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January 23, 2014

Carbon Nanotubes Aid Microprocessor Cooling

Tiffany Trader
Ogletree-CNT-graphic

The semiconductor industry is facing several hurdles in developing the next generation of microprocessors. As more and more transistors are squeezed onto a chip, overheating threatens to negate performance gains. Countering this is a two-step process that begins with getting the heat out of the chip and onto the circuit board, where it can then be dispersed using fans or other techniques.

Recently researchers have begun assessing the feasibility of using carbon nanotubes to conduct heat away from the microprocessor chips. The approach could be the key to maintaining the performance levels of densely packed, high-speed microprocessors in the decades to come. It is also expected to be compatible with single- and multi-layer graphene devices, which are facing the same cooling issues as silicon.

Through a partnership with Intel Corp, scientists at Lawrence Berkeley National Laboratory (Berkeley Lab) have developed a “process friendly” technique using carbon nanotubes in combination with organic molecules that serve as bonding agents. The study took place at Berkeley Lab’s Molecular Foundry, one of five DOE Nanoscale Science Research Centers, under the direction of Frank Ogletree, a physicist with Berkeley Lab’s Materials Sciences Division.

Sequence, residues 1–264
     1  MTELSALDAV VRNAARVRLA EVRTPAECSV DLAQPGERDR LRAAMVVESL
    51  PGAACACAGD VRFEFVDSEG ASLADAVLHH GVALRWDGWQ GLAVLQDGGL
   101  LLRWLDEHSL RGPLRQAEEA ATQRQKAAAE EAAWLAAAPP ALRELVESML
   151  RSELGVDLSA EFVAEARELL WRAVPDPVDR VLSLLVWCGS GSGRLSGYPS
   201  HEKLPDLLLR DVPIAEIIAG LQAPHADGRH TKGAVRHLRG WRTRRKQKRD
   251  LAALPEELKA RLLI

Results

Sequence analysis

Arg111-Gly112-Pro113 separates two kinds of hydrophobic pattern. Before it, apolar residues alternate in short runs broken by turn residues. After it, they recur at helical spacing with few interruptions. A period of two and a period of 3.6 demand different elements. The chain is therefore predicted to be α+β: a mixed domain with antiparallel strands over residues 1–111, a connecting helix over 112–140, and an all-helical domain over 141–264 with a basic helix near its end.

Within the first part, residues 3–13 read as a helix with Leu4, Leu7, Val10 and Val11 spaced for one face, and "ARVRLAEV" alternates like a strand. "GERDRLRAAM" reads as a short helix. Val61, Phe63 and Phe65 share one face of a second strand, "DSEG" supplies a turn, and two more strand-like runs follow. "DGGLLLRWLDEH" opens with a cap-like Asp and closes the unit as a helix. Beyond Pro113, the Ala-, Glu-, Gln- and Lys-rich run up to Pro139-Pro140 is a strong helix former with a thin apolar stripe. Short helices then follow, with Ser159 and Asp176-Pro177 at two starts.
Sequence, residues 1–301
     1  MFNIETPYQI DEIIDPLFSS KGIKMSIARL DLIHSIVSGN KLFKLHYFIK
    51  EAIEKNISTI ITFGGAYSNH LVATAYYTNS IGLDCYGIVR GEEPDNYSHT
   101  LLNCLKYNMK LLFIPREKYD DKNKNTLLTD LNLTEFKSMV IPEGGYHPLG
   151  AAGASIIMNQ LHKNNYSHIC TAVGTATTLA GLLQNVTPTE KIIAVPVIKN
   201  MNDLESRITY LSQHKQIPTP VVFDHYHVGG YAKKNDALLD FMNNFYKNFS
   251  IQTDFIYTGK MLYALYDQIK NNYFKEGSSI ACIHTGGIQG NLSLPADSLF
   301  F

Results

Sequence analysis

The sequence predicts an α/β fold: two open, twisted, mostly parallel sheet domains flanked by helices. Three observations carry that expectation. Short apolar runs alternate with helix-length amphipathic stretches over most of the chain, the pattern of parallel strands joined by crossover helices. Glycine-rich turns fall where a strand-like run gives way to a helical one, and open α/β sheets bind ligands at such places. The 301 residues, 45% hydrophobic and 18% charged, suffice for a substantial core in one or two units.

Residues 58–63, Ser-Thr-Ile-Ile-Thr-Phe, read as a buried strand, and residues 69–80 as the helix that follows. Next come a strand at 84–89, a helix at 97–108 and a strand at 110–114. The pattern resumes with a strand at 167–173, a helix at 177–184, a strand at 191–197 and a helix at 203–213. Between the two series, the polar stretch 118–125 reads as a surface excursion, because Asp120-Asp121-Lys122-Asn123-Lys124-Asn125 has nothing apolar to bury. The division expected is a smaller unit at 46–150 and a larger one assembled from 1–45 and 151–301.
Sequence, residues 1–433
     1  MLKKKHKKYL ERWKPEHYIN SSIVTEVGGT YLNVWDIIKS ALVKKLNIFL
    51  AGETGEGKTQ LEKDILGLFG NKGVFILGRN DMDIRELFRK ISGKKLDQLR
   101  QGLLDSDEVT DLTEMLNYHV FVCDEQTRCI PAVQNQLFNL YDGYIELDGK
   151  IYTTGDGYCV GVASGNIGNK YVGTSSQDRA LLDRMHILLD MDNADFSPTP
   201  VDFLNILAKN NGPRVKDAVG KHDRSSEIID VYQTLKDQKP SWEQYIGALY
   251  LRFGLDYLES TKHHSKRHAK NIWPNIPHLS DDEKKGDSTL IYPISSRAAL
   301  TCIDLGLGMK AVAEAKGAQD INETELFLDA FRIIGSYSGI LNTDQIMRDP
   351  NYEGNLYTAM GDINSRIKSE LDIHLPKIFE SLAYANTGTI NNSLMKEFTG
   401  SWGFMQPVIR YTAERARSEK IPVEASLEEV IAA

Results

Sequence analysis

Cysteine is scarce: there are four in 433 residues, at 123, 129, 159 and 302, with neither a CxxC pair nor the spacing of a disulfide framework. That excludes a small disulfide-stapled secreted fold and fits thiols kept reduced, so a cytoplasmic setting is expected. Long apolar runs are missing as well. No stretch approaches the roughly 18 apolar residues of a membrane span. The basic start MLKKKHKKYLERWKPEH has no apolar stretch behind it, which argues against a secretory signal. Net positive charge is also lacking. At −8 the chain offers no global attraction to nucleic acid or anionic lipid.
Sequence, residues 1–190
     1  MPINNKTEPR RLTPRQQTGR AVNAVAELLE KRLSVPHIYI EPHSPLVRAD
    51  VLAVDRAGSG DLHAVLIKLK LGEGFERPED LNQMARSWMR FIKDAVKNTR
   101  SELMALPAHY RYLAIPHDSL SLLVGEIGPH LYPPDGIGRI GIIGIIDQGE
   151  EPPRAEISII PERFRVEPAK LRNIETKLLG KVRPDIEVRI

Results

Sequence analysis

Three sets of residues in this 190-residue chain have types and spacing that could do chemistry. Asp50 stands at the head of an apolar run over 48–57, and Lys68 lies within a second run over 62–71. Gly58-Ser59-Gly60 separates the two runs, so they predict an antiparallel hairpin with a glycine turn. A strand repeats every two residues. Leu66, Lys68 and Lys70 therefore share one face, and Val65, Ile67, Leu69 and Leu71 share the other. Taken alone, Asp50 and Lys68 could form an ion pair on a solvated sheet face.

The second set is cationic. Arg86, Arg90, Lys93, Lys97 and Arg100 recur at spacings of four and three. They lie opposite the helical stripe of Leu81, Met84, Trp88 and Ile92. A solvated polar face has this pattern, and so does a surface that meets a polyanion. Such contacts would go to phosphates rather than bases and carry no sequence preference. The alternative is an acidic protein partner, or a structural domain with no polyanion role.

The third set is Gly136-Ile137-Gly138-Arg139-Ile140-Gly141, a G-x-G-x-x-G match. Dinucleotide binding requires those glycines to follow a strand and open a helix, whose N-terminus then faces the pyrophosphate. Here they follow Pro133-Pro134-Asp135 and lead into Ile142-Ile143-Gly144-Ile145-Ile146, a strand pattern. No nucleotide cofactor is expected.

Carbon nanotubes are known for having very high thermal conductivity, desirable for this microprocessor cooling application, but they also demonstrate high thermal interface resistance – which has until now precluded their use as a cooling agent. Working with Intel engineers Nachiket Raravikar and Ravi Prasher, the Berkeley team was able to increase and strengthen the contact between carbon nanotubes and the surfaces of other materials, thereby reducing thermal resistance and substantially boosting heat transport efficiency.

Crucial to the study was the use of organic molecules, which formed strong covalent bonds between carbon nanotubes and metal surfaces. With the improved adhesion, the flow of heat from the metal to the carbon nanotubes increased six-fold, laying the groundwork for next-generation computer chips that are faster and more efficient. And because the technique relies on vapor or liquid chemistry at low temperatures, it is suitable for computer chip manufacturing.

“We’ve developed covalent bond pathways that work for oxide-forming metals, such as aluminum and silicon, and for more noble metals, such as gold and copper,” said Ogletree, who is also a staff engineer for the Imaging Facility at the Molecular Foundry. “In both cases the mechanical adhesion improved so that surface bonds were strong enough to pull a carbon nanotube array off of its growth substrate and significantly improve the transport of heat across the interface.”

While early results are promising, a majority of the nanotubes may still fail to connect with the metal, so the next step for the Berkeley team is to improve the density of the contact material.

A paper detailing this research appears in the journal Nature Communications with the title “Enhanced Thermal Transport at Covalently Functionalized Carbon Nanotube Array Interfaces.”